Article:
As a consultant, you’ll only ever interact directly with a handful of stakeholders in your client’s organisation, and you may not speak to them again once the project is complete. You are emotionally distanced from the employees that implement your recommendations.

When working in-house, these people are your colleagues. You will have a long-term relationship with them, to which mutual respect and trust are key. Your recommendations now come from you as a person, not from a deck of slides packaged in McKinsey or BCG logos. Its authority, in other words, stems directly from you.

Remain humble, be willing to learn, and as Quentin said, “don’t be a jerk.”

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Take ownership

“At BCG, I was used to talking in days, even hours,” says Quentin. In-house, it’s more like weeks or months. 

As above, external consultants move on once a project is complete and recommendations made. The long, sometimes strained process of implementation is someone else’s job. 

Now that you’re in-house, that someone is you. Be prepared to take ownership of your initiatives over a longer time scale. This requires determination and patience, but the satisfaction at the end of that makes it worthwhile.

Clarify your objectives

Often when corporates build in-house strategy teams, or start hiring ex-consultants, there can be a tendency for the remit to be vague.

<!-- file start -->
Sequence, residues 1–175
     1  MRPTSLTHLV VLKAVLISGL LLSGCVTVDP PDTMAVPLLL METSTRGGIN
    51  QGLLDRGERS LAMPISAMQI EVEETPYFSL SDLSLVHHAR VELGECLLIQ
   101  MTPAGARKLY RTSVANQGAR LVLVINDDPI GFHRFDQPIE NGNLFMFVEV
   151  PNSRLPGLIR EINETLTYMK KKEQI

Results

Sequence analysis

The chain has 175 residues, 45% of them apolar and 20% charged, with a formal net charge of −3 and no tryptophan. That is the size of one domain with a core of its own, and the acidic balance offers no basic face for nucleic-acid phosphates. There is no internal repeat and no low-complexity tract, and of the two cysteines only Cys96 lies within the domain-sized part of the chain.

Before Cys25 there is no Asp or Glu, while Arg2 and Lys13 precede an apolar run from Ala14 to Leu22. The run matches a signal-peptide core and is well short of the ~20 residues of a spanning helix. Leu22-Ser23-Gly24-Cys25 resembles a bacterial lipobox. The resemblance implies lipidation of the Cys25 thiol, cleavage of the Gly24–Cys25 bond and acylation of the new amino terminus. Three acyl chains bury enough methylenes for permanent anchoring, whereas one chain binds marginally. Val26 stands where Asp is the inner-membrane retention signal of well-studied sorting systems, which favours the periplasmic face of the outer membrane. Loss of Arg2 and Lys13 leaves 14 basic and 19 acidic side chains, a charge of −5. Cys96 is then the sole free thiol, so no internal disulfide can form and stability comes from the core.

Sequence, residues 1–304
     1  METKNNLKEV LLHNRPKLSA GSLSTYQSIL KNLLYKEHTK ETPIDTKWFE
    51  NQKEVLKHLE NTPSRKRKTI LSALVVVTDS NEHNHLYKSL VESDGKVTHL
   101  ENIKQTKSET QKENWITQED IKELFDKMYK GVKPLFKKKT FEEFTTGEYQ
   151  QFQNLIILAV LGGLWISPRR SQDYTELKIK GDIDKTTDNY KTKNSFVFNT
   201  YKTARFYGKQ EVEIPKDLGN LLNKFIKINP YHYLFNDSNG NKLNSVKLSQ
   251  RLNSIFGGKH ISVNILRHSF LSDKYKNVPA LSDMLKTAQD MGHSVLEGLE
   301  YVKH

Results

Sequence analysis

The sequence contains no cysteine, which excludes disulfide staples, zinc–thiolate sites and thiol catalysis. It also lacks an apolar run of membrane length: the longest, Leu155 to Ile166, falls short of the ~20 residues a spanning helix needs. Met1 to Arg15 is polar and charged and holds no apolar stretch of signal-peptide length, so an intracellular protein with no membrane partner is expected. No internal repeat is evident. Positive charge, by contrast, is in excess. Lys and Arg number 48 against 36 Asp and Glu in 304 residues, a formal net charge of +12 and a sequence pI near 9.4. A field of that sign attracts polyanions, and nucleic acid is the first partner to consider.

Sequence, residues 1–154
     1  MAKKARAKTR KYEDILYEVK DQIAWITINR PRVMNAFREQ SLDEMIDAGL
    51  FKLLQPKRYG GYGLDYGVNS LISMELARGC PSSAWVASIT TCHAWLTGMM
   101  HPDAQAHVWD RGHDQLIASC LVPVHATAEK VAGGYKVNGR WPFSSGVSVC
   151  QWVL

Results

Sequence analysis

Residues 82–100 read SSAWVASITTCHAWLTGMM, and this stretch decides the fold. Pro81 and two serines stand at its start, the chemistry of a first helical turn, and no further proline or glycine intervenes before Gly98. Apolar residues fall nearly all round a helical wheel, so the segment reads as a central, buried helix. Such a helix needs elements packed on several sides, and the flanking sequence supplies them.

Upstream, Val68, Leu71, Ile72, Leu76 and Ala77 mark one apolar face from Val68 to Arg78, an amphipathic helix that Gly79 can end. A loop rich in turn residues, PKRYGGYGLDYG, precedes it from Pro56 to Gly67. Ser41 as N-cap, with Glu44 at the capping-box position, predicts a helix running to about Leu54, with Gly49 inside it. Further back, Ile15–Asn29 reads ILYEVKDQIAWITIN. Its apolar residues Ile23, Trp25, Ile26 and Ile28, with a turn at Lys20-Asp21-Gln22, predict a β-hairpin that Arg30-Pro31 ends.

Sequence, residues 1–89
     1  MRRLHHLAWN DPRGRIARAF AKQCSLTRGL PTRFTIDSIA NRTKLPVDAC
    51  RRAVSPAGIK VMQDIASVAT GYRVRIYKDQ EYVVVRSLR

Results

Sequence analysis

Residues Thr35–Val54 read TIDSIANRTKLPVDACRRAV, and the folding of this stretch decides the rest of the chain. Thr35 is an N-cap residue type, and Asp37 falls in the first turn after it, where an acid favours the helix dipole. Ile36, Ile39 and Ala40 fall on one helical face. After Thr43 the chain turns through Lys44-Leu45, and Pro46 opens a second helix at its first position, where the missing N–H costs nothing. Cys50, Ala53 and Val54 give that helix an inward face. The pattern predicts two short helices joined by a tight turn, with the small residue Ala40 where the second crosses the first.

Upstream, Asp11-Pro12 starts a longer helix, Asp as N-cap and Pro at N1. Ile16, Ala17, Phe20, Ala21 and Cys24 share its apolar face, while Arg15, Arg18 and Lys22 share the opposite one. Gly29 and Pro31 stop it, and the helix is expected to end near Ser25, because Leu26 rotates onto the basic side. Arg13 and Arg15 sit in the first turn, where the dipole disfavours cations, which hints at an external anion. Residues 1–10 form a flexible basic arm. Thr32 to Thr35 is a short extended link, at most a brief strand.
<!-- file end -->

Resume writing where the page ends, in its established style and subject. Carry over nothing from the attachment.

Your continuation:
Be especially clear on the boundaries of your role. The business might see you, with your consulting skill set, as a general problem-solver, who can troubleshoot issues throughout the business. There’s nothing wrong with that, and lots of former consultants may enjoy this kind of position – but take care to ensure that breadth doesn’t compromise on depth, or your ability to deliver on core objectives.

Anyone who has worked in consulting will be used to defining the objectives that their clients are seeking very precisely. Adopt the same approach with your stakeholders in your new business.

Show your working

All the quick wins above relate to the specific skills that a strategy consultant can bring to their organisation when moving in-house. The most successful bring the organisation along with them by sharing these insights and perspectives, actively working to upskill or educate their new colleagues in their way of thinking.

Developing a strategic mindset throughout the organisation will make it easier for you to define future strategy, as well as to implement new initiatives. Take advantage of company learning programs such as ‘brown bag lunches’ to explain the business strategy to your new colleagues.

The perfect fit

If you are looking to make the switch from consulting to an in-house strategy role, join Movemeon to discover the perfect place to start your new career.

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About the authorDan McEvoy is a freelance writer and editor, with extensive experience in finance, technology, HR, recruitment, and marketing content.